Tips to Prevent Holes in Shoes
1. Toe Hole Prevention Inserts
While most shoes come with synthetic overlays on the top of the shoe that are designed to prevent holes, this doesn’t prevent wear and tear on the inside.
To prevent the premature wear of your running shoes, you can insert Shoe Armor, which is made from ballistic fabric. This material is soft enough that it won’t interfere with your running stride or causing chafing, but is abrasion and tear-resistant.
The Shoe Armor will prevent your toe or toenails from coming into contact with the upper. This will increase the lifespan of your running shoes.
2. Deeper Toe Box
Getting a running shoe that has a deep and roomy toe box can prevent your toes from coming into contact with the top and side of the upper while the foot is still in dorsiflexion.
You’d also want to make sure that there’s a thumb’s width of space between your toes and the front of the shoe. This space will accommodate your toes when your foot swells and when your foot slides forward in the shoe, and prevent your toes from coming into contact with the front of the shoe.
3. Trim Your Toenails
We all trim our nails, but you want to make sure that when you cut your toenails you keep a comfortable length and cut your toenails in a straight line.
This will prevent sharp edges of your toenails from hitting the toe box where they’d be able to create friction. Having your toenails in a straight line will also help to prevent in-grown toenails.
4. Quality Socks
Choose socks that have padding or cushioning in the toe area. It doesn’t have to be thick cushioning; even a little bit of cushioning can prevent your toes from coming into contact with the toe box.
This will reduce the amount of friction inside the shoe and help to increase the lifespan of your running shoes.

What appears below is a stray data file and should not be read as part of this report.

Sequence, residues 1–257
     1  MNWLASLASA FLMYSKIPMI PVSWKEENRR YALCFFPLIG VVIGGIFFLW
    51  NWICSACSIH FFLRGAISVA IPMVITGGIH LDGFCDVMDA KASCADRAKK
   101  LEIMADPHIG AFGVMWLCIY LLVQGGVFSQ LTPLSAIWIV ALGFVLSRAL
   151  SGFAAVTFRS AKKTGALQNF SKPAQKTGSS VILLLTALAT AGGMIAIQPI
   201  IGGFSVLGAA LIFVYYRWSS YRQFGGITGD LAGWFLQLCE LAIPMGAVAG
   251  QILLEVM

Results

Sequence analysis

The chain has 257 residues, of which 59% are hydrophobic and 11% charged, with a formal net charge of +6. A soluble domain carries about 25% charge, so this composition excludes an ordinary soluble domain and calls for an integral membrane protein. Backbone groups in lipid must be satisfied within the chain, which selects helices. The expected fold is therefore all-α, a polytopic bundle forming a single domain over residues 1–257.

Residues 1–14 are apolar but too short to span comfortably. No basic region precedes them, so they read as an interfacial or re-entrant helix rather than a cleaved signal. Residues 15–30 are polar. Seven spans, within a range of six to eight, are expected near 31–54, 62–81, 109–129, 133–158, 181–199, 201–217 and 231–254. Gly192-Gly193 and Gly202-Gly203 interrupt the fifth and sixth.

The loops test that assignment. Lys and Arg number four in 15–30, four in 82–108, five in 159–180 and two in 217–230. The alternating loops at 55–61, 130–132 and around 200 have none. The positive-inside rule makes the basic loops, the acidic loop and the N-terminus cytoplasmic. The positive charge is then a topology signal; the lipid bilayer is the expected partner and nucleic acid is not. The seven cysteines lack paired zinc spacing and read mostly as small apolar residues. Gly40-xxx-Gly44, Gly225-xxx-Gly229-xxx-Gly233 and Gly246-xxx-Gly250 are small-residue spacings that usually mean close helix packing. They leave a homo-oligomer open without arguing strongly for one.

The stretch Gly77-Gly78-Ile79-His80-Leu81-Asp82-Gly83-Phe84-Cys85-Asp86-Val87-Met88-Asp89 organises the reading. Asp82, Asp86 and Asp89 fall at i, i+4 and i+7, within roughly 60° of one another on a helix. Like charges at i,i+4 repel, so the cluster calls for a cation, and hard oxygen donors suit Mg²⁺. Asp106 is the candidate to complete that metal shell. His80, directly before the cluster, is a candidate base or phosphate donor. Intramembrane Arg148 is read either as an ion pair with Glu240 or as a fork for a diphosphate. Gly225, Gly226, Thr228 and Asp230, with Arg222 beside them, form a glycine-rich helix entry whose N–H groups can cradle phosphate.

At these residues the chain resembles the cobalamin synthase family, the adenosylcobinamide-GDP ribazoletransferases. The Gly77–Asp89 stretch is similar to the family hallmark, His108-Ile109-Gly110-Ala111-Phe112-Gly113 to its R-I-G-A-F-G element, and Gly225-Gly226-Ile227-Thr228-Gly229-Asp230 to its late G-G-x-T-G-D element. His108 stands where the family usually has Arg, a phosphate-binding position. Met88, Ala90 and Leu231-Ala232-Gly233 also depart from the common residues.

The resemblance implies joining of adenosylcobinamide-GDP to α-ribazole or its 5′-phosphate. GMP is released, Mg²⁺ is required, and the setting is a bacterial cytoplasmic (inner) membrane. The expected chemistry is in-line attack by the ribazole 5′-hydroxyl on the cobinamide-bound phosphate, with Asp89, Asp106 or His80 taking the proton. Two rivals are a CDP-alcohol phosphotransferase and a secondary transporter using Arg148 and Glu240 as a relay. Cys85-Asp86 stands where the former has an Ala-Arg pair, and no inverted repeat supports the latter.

5. DIY Solutions
If you’ve noticed holes developing, you can use duct tape to patch the holes up.
For the best results, you’d need to make sure that there are no creases or folds in the duct tape when you apply it to the shoe. This will not only help to prevent skin irritation, but it will keep the duct tape on the shoe during and after your run.
You can also apply patches to areas of your shoes that you know are particularly prone to developing holes.
One of the best patches you can use to prevent holes is Engo Blister patches. These are already designed to adhere to the lining of your shoe and are thinner than a heel grip so they won’t irritate the skin.
6. Lacing Techniques
Depending on where the holes are forming on your running shoe, you may want to try different lacing techniques. If your running shoes have holes in the heel collar, then you may want to use the “Heel Lock” lacing technique. This will prevent heel slippage, which will reduce friction in the heel.
To relieve pressure on the toes you could try using the “Cross Over” lacing technique. This may help your foot and toes to go through their natural range of motion.
This could prevent your big toe from over-extending and coming into contact with the upper of the toe box.
Is It Better to Prevent or to Fix?
Running shoes are designed to last 300 to 500 miles. But when your shoes develop holes after 100 or 200 miles, it can be annoying.
By taking preventative measures early on to stop the upper and collar lining from wearing prematurely, you can increase the lifespan of your running shoes.
But if you’ve noticed that your previous running shoes have developed holes, then you can fix them and get more miles out of your shoes than you expected.
How Much Space Should You Give Your Toes in Shoes?
When it comes to the amount of space between your toes and the front of the shoe, you should allow for ½ to 1 inch. Make sure that the distance is measured between the shoe’s end and your longest toe.
When you’re looking at the width of the shoe, you should be able to pinch the material on the sides of the shoe. If you can’t pinch the material then the running shoe may be too tight, and this could create pressure points when your feet start to swell.
Depending on the brand of running shoe that you’re buying, you may have to go up half a size from your regular work or casual shoe. This will help to provide you with a comfortable feel.